Tuesday, August 21, 2012

Battle drawn in Wikileaks chief's sex assault case

Britain vows confrontation over asylum
Ecuador granted Julian Assange asylum on Thursday, setting up a standoff with the British government, which has vowed to block his exit from the country.
Ecuadorian Foreign Minister Ricardo PatiƱo said that Ecuador granted Assange political asylum because the national leadership believes the United States and the UK are persecuting him for his actions as the head of WikiLeaks. Applause greeted the announcement.
The activist organization has released millions of classified documents on the internet, most of them diplomatic and military cables detailing the U.S. and other coaltion forces' operations during the Iraq war.
As many as 5 million e-mails between Austin-based private intelligence service operator Stratfor and various CIA and other intelligence operatives have also been released in the past few months.
An early release of a purloined document included a video taken by a gun camera. It depicted a U.S. helicopter crew gunning down journalists in a targeted hit on suspected terrorists.
Other cables detail cruel treatment and torture of prisoners of war by coalition military forces and private contract agents working under CIA supervision. Most of the documents have been obtained from discontented communications technicians who were operating under security clearances at the time they took their illegal actions.
Mr. Assange took to a balcony and defended his actions as an exercise in free speech.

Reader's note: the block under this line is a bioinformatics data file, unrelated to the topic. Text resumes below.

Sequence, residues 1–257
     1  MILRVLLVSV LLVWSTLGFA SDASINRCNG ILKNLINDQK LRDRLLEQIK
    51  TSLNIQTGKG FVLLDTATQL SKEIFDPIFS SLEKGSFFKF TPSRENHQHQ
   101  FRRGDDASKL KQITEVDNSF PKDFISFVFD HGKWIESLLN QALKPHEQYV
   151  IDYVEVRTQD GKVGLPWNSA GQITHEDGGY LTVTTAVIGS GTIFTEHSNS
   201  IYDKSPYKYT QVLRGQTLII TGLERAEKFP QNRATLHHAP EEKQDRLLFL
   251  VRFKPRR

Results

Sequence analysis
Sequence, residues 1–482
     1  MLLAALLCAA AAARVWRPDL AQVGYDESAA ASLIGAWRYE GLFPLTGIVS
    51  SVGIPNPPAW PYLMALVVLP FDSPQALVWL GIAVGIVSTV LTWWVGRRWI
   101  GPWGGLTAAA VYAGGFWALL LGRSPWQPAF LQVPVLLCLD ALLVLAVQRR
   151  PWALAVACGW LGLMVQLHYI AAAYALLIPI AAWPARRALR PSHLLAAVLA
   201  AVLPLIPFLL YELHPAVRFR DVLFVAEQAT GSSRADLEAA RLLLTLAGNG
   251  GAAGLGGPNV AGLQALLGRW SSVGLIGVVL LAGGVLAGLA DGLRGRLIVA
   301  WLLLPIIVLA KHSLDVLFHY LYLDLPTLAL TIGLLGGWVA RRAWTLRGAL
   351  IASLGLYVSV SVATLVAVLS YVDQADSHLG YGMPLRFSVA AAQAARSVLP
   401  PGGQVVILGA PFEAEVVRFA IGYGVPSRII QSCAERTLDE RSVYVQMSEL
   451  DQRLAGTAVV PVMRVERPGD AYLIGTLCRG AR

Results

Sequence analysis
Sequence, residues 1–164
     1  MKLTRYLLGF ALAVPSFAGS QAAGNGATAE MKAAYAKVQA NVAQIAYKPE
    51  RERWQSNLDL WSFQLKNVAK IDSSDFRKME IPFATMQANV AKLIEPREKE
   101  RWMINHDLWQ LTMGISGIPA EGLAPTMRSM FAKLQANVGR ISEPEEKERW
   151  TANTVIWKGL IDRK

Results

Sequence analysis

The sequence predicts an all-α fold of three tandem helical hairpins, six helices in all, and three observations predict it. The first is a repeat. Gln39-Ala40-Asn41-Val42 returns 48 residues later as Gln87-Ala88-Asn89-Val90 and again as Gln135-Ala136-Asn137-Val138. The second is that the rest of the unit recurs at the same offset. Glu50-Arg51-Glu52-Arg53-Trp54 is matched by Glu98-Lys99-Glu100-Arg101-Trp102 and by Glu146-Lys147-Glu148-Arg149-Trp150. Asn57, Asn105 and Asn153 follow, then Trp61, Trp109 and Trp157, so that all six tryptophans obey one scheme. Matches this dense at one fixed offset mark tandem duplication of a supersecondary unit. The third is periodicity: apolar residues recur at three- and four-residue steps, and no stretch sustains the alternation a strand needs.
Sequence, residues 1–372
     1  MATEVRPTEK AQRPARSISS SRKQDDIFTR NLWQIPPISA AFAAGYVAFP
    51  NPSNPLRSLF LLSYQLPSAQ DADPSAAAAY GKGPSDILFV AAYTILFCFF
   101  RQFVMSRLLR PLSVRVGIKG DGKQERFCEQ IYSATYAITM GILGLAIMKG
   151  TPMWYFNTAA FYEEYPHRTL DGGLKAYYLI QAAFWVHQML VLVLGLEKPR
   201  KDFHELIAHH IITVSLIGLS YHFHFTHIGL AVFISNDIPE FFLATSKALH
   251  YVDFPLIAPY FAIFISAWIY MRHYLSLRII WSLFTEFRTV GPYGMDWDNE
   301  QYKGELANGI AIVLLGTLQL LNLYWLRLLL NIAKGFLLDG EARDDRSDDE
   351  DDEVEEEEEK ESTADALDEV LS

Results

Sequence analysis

Activist filmmakers Michael Moore and Oliver Stone joined him in that opinion, co-authoring an op-ed piece that characterized the Ecuadorian decision as a heroic action in defense of freedom of speech.
Assange remains holed up in the Ecuadorian embassy in London, where he fled to avoid extradition charges to Sweden. He is wanted there to face allegations of rape, but he fears that he will be swiftly transferred to the United States, where he says he could be prosecuted for leaking classified material through WikiLeaks.
Sweden has denied that it has any such intentions. A lawyer for the women who have accused Assange of sexually assaulting them told news outlets that the idea was "absurd," and that Assange needed to be "brought to justice."
But one of Assange's lawyers, Michael Ratner, said on "Democracy Now!" that the threat was very real. "If Julian Assange were to go to Sweden, he would be put in jail immediately. He is not allowed to get bail in Sweden," he said. "...At that point, the U.S. files its extradition request."

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